Local officials prepare to battle opioid epidemic

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First responders to carry Narcan, health dept. to offer needle exchange

BUCKHANNON — Upshur County Health Department’s nurse director informed Buckhannon City Council Thursday that West Virginia is “in a state of epidemic proportions” regarding the opioid overdose problem.

Sue McKisic was invited to speak at Thursday’s council meeting to brief council on the issue after the health department agreed to provide training and materials to municipal first responders, who will soon be equipped with the life-saving opioid antagonist, Narcan. Narcan is a form of Naloxone that comes in the form of nasal spray and can be easily administered to bring someone who has overdosed on an opioid out of a coma and potentially save their life, McKisic said.

Thus far, the health department has provided three Narcan trainings to Corhart Refractories employees, McKisic said. A training for the Buckhannon Police Department and Upshur County Sheriff’s Department is slated for 10 a.m. Nov. 9.

“We are in a state of epidemic proportions,” McKisic told council. “I’m hoping that we can start to make a difference in our community. This is a medication that is administered nasally so there is no invasiveness to the patient to bring them out of an opioid overdose. This blocks the receptors in the brain so everything stops. These people come out of their coma or overdose state, hopefully with just one or two doses, but sometimes it takes many more.”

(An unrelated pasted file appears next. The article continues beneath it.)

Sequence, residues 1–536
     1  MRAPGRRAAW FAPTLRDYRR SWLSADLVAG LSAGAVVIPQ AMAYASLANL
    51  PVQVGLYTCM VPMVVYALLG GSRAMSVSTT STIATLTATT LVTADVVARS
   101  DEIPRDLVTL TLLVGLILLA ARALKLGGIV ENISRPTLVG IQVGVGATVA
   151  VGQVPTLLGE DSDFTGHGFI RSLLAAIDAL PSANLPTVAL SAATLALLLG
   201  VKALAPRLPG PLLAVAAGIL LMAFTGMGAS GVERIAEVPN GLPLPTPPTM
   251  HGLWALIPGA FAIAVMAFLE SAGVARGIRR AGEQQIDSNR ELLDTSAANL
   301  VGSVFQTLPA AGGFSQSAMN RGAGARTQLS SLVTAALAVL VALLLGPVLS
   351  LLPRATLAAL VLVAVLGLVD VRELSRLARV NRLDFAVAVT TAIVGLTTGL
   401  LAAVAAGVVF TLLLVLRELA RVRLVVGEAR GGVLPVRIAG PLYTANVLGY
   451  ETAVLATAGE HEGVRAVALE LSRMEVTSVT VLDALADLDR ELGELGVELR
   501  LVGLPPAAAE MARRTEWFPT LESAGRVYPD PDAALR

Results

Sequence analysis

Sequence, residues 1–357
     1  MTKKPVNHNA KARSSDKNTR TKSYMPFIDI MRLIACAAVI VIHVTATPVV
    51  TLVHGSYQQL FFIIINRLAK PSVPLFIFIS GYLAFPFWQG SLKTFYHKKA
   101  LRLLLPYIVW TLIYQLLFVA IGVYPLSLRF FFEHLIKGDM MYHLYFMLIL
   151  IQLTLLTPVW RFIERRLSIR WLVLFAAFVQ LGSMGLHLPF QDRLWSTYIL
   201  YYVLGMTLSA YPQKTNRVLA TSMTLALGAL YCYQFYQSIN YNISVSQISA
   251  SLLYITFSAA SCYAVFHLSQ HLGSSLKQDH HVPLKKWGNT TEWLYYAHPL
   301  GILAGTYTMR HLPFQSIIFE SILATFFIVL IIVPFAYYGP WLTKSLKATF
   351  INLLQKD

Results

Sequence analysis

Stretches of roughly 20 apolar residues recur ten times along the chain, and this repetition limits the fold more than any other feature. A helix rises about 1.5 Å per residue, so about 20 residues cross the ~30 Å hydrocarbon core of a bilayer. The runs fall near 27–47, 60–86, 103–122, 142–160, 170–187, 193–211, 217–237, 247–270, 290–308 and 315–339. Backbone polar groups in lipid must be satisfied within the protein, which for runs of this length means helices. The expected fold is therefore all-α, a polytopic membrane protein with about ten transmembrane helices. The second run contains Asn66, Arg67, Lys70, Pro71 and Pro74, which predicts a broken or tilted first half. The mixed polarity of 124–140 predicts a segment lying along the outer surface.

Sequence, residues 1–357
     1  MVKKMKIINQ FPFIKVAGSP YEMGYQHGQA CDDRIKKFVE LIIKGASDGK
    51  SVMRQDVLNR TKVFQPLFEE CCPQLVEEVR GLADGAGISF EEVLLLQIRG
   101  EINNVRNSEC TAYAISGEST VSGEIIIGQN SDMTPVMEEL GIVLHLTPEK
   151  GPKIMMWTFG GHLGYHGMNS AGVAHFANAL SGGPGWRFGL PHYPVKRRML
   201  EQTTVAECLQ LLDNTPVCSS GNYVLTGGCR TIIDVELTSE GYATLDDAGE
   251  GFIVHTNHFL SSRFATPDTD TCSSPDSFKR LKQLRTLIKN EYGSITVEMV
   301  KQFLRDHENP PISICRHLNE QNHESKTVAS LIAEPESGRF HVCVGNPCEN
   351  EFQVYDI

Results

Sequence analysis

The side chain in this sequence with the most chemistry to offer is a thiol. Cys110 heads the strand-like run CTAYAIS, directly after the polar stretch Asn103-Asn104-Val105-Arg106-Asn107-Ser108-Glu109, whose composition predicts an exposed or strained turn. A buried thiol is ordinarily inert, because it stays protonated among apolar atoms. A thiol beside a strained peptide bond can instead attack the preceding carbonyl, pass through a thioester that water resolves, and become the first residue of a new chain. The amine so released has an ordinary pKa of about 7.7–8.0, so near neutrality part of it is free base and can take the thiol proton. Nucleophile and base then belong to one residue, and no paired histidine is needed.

McKisic said West Virginia is currently ranked first in the nation for opioid overdoses. Heroin, fentanyl, carfentanil, oxycodone, hydrocodone and suboxone are all classified as opioids.

“Our little state compared to New York City and big cities in California, we are number one in the nation,” she said. “We are also number one in the nation for newly acquired Hepatitis B and Hepatitic C and HIV cases, and of course, a lot of that is due to needle use.”

The health department is working toward jumpstarting a harm reduction program in the county, part of which would involve a needle exchange program.

“It would be needle for needle,” McKisic said. “I give you 40 needles, and you bring 40 back if you want 40 more. If you bring 10 back, you only get 10 more.” Alcohol pads will also be supplied.

Although McKisic believes the needle exchange program will be controversial, she thinks it will discourage the sharing of needles and ultimately, stop the spread of Hepatitis B, Hepatitis C and HIV.

“I know we are going to get a lot of opposition because a lot of people are going to say, ‘you are just feeding them, you are encouraging them,’ but no, we are trying to stop the blood-borne pathogens involved in Hep B, Hep C and HIV,” she said. “Many babies are born addicted (to some form of opioids) or have contracted Hep B, Hep C or HIV, so we do want to kind of squash that here in Upshur County.”